An exhibition to tell us and show how Brasilia was born | Antenna 1

The decision to move the capital from Rio de Janeiro to Brasília was one of the most famous episodes in the history of urbanism, architecture and the arts in general in the 20th century. More than a thousand kilometers from the sea, Brasília took shape in the second half of the 1950s and was inaugurated on April 21, 1960 by Juscelino Kubitschek, the president who commanded the country’s destiny between 1956 and 1961. Renowned figures such as Lúcio Costa and Oscar Niemeyer are just a few among the protagonists of a story that is now being told in the exhibition Brasília – From Utopia to the Capital, which, created to mark the 50th anniversary of the Brazilian capital, then began to travel the world, having symbolically arrived in Portugal in the year in which the bicentennial of Brazil’s independence was celebrated. On display in an annexe at the Museu Nacional dos Coches, in Lisbon, until February 28, with the next stage, starting in May, at the Pernambuco Institute in Porto, the exhibition is free to access and brings together images and objects that not only highlight the urban dimension and of this feat as well as the “candangos”, that is, those who built its streets and buildings.

The exhibition, curated by Danielle Athayde (author of a master’s thesis on this subject), presents around 300 works of art and documents, among which we find models of buildings (such as the palaces of Planalto and Alvorada), a photographic model of the urban plan, sculptures by Maria Martins, Bruno Giorgi and Alfredo Ceschiatti and photographs signed by Marcel Gautherot, Peter Scheier, Jean Manzon and Mário Fontenelle. This set of pieces comes from several Brazilian collections, including the Instituto Moreira Salles, the Public Archive of the Federal District and the Brasília Collection. This last collection was put together by the couple Izolete and Domício Pereira, who arrived in the new capital even before its official inauguration, which covers five decades of the history of Brazilian art.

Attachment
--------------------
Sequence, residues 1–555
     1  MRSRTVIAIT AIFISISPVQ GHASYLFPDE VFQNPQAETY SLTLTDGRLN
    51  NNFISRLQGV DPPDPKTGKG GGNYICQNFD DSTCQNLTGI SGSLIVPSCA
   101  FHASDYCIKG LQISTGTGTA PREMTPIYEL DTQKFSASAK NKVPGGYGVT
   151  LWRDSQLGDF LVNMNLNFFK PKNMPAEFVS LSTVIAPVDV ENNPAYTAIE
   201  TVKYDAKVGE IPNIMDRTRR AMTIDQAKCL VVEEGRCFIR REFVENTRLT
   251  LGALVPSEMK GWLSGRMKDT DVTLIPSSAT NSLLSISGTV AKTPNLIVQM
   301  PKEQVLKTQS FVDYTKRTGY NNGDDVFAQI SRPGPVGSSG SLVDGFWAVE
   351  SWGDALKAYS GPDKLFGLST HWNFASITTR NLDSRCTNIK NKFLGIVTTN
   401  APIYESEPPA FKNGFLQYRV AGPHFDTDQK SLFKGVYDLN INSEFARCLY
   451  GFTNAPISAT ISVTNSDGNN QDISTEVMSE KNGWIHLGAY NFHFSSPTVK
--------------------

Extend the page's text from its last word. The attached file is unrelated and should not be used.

The idea of ​​building a capital in that region has to do, as the exhibition curator explains to Antena 1, it has to do with “the economic development of the interior of Brazil”, so much so that, later on, other cities in regions equally remote from the coast knew signs of evolution. “That was the beginning of everything,” she explains. Brasília, in particular, became “iconic” because some “masters of architecture, urbanism and the arts” were called upon to create it. Danielle Athayde tells that Juscelino Kubitschek, during the 1955 election campaign, guaranteed that, if he were elected, Brasília (for which there were already first studies and surveys), would get off the ground. And so it was. Former governor of Minas Gerais, Juscelino Kubitschek “was a visionary man” and “already knew Oscar Niemeyer”. He then made him “an invitation to create the main palaces of the city and it was Niemeyer who then suggested to the president the idea of ​​holding a competition to choose an urban project”. From the many applications, the winner, Lúcio Costa, “with his pilot project for Brasília, very simple, but which is really iconic and never seen before”, describes the exhibition curator.

And anyone who has since walked through the center of Brasília, in particular the Esplanada dos Ministérios, Praça dos Três Poderes and the Palácio da Alvorada, ended up visiting milestones in the history of art in Brazil. The city, underlines Danielle Athayde, is known for being “an open-air museum” and says that Juscelino Kubitschek and Oscar Niemeyer launched invitations to “Brazilian artists who stood out in modernism”. Alfredo Ceschiatti (sculptor of the angels of the Cathedral), the sculptor Victor Brecheret, Bruno Giorgi (author of The Warriorsfamous representation of the candangos) or Marianne Peretti (author of the stained glass windows in the Metropolitan Cathedral) are some of the examples that the curator points out, referring to them as “artists who have a very symbolic work in the city”.

It was inevitable to confront the curator of this exhibition on Brasilia with the scenes of vandalism that took place there on January 8, 2023. “We are in a state of shock”, he replied. And she adds: “what happened was a murder, it was an extermination of the Brazilian arts”, concluding that “it is impossible to imagine that one day this could happen in the capital of Brazil”.

Text by Nuno Galopim

You can listen here to the complete interview with Danielle Athayde, curator of Brasília – From Utopia to Reality.

The exhibition is currently on display at the Museu Nacional dos Coches, open from Tuesday to Sunday – from 10am to 6pm (last entry at 5.30pm). Closed at lunchtime, from 1:00 pm to 2:00 pm.

The catalog, in PDF format, is offered on the museum’s website.

Leave a Comment